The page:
Of 27 electric substations in New Orleans, Mr. Green said, 13 are back online.
Mayor LaToya Cantrell, speaking at an afternoon briefing, noted that in addition to electricity, access to fuel continues to be a challenge for city residents. “We just have not received adequate fueling sources to the general public.” Ms. Cantrell promised that “when we get more we shall share more.”
The storm that ripped through southeastern Louisiana on Sunday left a still-untold number of people without homes and wreaked havoc on other essential services. Hundreds of thousands of people found themselves in places where water infrastructure was badly damaged by the storm and pumps and treatment plants were left without power.
President Biden, who is expected to visit the state on Friday, said the flash floods that inundated New York City and the powerful winds that knocked out power in Louisiana were a sign that “extreme storms and the climate crisis are here” and that the storms and fires creating life-or-death situations across the country constituted “one of the great challenges of our time.”
“Hurricane Ida didn’t care if you were a Democrat or Republican, rural or urban,” Mr. Biden said Thursday, urging Congress to pass his economic agenda when it returned from its recess later this month, in order to provide critical investments in electrical infrastructure. “This destruction is everywhere. And it’s a matter of life and death, and we’re all in this together.”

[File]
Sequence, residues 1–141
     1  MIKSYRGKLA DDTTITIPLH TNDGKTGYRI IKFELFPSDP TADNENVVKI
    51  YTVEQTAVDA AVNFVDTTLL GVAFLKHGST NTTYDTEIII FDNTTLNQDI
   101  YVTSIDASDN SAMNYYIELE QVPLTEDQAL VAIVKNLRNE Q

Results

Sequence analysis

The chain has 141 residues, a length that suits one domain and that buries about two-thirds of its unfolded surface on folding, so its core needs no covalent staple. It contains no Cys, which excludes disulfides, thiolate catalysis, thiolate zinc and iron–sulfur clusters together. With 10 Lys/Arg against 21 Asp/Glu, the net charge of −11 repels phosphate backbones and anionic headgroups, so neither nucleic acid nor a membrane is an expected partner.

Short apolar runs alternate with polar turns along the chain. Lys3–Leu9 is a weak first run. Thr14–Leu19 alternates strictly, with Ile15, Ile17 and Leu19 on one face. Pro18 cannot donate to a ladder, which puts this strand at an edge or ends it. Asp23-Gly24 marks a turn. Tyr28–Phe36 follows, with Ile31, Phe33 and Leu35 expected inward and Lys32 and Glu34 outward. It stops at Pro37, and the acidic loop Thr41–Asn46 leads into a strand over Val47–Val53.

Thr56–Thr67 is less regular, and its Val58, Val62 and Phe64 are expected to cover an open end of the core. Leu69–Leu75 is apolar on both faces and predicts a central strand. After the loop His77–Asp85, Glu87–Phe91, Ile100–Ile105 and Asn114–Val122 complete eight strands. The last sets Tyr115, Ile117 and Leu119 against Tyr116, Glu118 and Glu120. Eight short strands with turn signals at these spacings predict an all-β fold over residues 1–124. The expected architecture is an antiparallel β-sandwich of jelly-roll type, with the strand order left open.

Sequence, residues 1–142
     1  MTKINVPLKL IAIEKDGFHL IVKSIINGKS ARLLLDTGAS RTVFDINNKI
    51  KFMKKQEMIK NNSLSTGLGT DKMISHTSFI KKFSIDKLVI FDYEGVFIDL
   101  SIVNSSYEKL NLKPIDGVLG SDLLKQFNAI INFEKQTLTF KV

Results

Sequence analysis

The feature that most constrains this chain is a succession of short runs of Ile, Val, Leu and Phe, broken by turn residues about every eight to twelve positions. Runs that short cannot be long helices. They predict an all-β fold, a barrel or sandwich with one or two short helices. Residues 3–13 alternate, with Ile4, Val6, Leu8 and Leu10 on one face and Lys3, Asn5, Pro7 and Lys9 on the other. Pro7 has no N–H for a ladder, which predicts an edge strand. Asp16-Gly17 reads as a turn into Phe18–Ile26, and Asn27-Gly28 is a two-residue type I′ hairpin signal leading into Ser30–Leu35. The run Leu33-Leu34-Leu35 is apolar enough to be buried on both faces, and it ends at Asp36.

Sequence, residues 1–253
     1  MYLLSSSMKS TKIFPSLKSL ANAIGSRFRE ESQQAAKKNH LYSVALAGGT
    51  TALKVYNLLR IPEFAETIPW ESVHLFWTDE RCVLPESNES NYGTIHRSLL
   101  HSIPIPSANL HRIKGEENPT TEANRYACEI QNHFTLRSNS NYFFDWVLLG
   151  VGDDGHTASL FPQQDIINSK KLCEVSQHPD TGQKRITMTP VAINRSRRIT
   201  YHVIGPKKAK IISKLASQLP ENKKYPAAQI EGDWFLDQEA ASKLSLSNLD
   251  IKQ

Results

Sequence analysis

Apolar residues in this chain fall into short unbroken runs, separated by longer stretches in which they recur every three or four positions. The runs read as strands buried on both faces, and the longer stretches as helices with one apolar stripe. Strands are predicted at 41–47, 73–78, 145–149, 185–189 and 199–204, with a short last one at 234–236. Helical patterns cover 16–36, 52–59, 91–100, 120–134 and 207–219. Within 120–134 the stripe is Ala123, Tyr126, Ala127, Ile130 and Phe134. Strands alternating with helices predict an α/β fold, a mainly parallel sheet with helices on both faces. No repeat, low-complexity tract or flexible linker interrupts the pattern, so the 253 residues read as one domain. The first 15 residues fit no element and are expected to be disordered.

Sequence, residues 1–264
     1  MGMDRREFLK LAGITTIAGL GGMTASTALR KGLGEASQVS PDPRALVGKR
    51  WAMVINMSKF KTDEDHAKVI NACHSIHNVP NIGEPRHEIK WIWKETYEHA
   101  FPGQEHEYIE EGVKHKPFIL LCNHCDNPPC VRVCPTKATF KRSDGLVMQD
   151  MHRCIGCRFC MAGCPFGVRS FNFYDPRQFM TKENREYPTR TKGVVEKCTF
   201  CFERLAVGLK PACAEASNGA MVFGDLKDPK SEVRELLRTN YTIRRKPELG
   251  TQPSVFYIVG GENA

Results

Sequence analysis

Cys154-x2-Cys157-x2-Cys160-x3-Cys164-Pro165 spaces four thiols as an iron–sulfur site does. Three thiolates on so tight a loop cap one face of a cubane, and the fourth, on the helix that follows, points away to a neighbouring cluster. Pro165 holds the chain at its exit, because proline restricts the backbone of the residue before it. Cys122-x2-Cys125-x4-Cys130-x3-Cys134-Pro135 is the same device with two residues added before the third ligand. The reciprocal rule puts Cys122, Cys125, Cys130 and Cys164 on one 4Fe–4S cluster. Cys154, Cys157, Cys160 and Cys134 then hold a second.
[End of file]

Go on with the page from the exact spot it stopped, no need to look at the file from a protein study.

In the New Orleans area, carbon monoxide poisoning, from the misuse of generators, has sent at least a dozen people to hospitals and was linked to two deaths, the authorities said.
In Jefferson Parish, more populous than the city of New Orleans and right next door, virtually all residents were either experiencing water outages or under advisories to boil their water. Even as the heat was suffocating and air-conditioning almost nonexistent, drinking water in most of the parish was limited to whatever one had stocked before the storm or could get after waiting in lines for hours.
“This has become basic-level subsistence,” said Steve Robinson, the senior pastor of Church of the King, which has a site in Kenner, where a line of cars rolled through as volunteers from his congregation handed out pallets of water and buckets packed with toiletries, flashlights, first-aid kits and nonperishable foods. They eventually ran out of warm meals.